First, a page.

Shane Carruth wows again with Upstream Color

Categories: Film and TV
upstream-color-carruth-03-wjpg-preview.jpg
Courtesy erpb Film 
Folks may want to brush up on Henry David Thoreau's Walden: (Or Life in the Woods), as what it has to say about retreating into nature provides a key element in Upstream Color, a new film showing at the Walker Art Center this Friday and Saturday. Much like Thoreau's classic, the movie draws its subjects out of their consumer-culture immersed lives and pulls them into a much more primal state of existence.

upstream-color-carruth-04-wjpg-preview.jpg
Courtesy erpb Film 
The film comes from director Shane Carruth, the genius behind the cult hit Primer (2004), a story about a time machine made in a garage by a couple of young engineers. Upstream Color deals with magical worms that make any person who ingests them subject to mind control. 

Like Primer, Upstream Color may require several viewings to figure out what exactly is going on. And even then, it's purposefully constructed in a non-linear, abstract narrative that both frustrates and delights. 

Amy Seimetz plays Kris, an ambitious young woman working in the film industry who is attacked and force-fed the magical worms one day, making her under the power of her attacker. She enters a hypnotic state where she is denied food and is made to do various tasks, including hand writing the entirety of Henry David Thoreau's Walden, rolling up the papers and creating chains out of them. Her captor, played by Thiago Martins, then manipulates her into believing her mother is in desperate need of help, so she takes out numerous loans against the equity of her house.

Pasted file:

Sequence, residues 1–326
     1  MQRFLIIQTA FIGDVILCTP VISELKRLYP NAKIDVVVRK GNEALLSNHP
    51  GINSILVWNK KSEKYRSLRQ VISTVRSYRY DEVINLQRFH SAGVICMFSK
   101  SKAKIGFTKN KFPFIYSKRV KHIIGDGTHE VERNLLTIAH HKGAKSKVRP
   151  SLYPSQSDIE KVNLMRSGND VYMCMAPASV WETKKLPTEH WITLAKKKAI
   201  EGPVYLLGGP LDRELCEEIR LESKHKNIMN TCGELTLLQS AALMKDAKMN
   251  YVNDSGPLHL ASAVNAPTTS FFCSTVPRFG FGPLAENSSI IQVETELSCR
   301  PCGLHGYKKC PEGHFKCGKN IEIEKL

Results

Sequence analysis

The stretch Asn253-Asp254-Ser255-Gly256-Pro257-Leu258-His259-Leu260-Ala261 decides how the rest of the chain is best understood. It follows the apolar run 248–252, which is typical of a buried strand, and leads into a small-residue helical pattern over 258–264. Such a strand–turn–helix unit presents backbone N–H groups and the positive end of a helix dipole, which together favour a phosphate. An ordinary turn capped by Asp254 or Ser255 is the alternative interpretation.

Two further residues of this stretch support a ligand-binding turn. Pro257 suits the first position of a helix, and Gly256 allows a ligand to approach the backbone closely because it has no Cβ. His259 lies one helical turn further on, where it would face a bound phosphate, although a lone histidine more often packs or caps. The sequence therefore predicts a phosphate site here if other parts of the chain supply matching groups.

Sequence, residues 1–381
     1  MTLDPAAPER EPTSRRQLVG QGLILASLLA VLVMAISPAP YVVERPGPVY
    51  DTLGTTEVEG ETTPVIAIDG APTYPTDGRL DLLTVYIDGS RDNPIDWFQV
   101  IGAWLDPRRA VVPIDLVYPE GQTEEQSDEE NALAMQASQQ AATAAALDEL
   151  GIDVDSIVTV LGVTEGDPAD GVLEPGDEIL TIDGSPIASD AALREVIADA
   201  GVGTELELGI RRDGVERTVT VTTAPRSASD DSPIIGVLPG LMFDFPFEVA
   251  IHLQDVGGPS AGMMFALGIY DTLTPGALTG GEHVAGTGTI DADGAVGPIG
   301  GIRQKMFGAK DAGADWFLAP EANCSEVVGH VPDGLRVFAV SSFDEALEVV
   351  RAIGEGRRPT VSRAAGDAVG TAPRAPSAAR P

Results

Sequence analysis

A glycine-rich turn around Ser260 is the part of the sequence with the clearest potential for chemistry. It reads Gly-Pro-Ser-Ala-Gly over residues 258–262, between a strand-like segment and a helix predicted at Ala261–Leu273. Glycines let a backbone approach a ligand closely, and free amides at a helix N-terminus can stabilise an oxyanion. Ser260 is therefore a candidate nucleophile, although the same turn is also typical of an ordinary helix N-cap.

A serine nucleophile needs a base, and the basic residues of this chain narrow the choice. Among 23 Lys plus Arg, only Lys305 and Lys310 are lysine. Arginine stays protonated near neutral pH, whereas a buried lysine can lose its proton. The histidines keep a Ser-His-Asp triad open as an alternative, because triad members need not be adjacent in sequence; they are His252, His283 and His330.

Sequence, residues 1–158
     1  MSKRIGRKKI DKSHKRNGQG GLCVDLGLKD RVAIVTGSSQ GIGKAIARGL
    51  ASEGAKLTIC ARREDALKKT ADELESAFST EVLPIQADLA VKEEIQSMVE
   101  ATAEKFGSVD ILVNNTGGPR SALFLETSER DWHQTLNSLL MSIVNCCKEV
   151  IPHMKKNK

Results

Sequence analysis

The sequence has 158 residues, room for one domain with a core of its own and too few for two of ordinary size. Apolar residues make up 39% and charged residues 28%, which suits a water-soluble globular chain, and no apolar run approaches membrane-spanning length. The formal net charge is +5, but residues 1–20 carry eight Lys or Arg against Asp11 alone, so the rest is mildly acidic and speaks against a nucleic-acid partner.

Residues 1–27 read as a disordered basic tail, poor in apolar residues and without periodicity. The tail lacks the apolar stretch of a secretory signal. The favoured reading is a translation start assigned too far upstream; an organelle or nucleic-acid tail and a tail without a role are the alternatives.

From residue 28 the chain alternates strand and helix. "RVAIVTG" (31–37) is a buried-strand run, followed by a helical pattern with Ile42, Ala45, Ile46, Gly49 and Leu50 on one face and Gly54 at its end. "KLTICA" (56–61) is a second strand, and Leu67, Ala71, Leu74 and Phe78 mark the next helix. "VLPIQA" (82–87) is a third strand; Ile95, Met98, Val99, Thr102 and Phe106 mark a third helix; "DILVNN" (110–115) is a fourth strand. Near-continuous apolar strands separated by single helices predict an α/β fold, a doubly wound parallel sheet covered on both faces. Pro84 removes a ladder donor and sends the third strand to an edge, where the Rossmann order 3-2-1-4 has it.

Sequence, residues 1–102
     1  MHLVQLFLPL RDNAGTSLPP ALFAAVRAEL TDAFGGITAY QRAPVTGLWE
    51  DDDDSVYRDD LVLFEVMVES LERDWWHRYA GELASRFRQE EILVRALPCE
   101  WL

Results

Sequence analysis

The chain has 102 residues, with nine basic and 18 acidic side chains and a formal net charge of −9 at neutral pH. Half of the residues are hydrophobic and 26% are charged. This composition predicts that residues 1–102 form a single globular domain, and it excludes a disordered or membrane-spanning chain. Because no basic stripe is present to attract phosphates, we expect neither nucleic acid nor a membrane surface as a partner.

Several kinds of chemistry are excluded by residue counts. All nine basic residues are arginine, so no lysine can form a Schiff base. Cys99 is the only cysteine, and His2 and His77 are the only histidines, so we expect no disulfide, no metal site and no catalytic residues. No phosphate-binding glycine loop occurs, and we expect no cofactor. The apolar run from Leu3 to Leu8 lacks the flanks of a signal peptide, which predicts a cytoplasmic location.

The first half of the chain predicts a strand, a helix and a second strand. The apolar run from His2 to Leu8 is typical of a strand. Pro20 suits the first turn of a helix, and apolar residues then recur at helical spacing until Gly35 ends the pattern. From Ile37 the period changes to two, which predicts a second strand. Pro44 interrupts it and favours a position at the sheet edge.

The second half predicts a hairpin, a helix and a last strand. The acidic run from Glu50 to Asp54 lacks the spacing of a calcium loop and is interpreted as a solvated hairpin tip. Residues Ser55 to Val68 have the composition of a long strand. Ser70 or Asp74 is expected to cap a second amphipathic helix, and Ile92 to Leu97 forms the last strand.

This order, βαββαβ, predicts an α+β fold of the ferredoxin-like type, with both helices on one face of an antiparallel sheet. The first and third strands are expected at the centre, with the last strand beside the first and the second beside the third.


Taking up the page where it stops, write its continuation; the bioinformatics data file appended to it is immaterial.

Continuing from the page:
upstream-color-carruth-02-wjpg-preview.jpg
Courtesy erpb Film 
Her captor eventually allows her to eat, and then leaves. The food makes the worms inside her grow and poke through her skin. Through sound, she's drawn mysteriously to an obscure location where an old man (Andrew Sensenig ) draws the worms out of her and into a pig. She eventually makes her way back home where, once back to normal (sort of), she realizes that she has no money, and basically has to start again from scratch. She then meets Jeff (played by Carruth). The two find themselves inexplicably drawn to each other, to the point of sharing the same memories. 

As Kris and Jeff journey to discover the mysteries of what has happened to them, they simultaneously uncover the life cycle of themselves, the pig farmer, the villain, and the magical worms that aid in making the flowers by the stream shine with vibrant color. They are just one part of a larger, complex organism filled with beauty and power.
 
upstream-color-carruth-01-wjpg-preview.jpg
Courtesy erpb Film 
Seimetz shines in her performance as Kris, transforming from a fast talking city person to someone who is completely vulnerable, filled with childlike curiosity and pure emotion. Carruth, too, is highly engaging as an actor. But perhaps the most interesting performances come from the smaller roles of Sensenig and Martins. 

While this film is definitely a mystery, it's not action packed. The pace is slow, and with little dialogue. In fact, there is no talking whatsoever in the last 15 minutes. It takes some degree of concentration and patience to get through it, perhaps deliberately. Like Thoreau's Walden, the film forces you to experience the images of nature, guiding you to reflect on humanity's relationship with the earth.  

IF YOU GO:

Upstream Color
Walker Art Center
7:30 p.m. May 10-11; 4 p.m. May 11
$9




Location Info

Map

Walker Art Center

1750 Hennepin Ave., Minneapolis, MN

Category: Film


Advertisement

My Voice Nation Help
0 comments

Now Trending

Minnesota Concert Tickets

From the Vault

 

Loading...